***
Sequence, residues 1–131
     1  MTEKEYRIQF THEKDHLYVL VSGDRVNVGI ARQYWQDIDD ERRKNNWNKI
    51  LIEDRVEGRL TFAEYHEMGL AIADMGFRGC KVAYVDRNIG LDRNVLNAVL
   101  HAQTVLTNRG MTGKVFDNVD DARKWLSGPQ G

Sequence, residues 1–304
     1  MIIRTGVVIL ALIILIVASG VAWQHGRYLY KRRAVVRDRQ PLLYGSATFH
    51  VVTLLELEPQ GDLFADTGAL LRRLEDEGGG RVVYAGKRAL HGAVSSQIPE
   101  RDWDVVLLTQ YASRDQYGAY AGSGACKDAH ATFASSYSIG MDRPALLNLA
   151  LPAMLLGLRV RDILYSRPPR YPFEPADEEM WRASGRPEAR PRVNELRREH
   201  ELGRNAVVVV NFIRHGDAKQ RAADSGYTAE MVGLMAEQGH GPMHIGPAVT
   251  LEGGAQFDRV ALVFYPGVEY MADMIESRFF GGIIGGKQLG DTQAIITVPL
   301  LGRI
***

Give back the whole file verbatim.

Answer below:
Sequence, residues 1–131
     1  MTEKEYRIQF THEKDHLYVL VSGDRVNVGI ARQYWQDIDD ERRKNNWNKI
    51  LIEDRVEGRL TFAEYHEMGL AIADMGFRGC KVAYVDRNIG LDRNVLNAVL
   101  HAQTVLTNRG MTGKVFDNVD DARKWLSGPQ G

Sequence, residues 1–304
     1  MIIRTGVVIL ALIILIVASG VAWQHGRYLY KRRAVVRDRQ PLLYGSATFH
    51  VVTLLELEPQ GDLFADTGAL LRRLEDEGGG RVVYAGKRAL HGAVSSQIPE
   101  RDWDVVLLTQ YASRDQYGAY AGSGACKDAH ATFASSYSIG MDRPALLNLA
   151  LPAMLLGLRV RDILYSRPPR YPFEPADEEM WRASGRPEAR PRVNELRREH
   201  ELGRNAVVVV NFIRHGDAKQ RAADSGYTAE MVGLMAEQGH GPMHIGPAVT
   251  LEGGAQFDRV ALVFYPGVEY MADMIESRFF GGIIGGKQLG DTQAIITVPL
   301  LGRI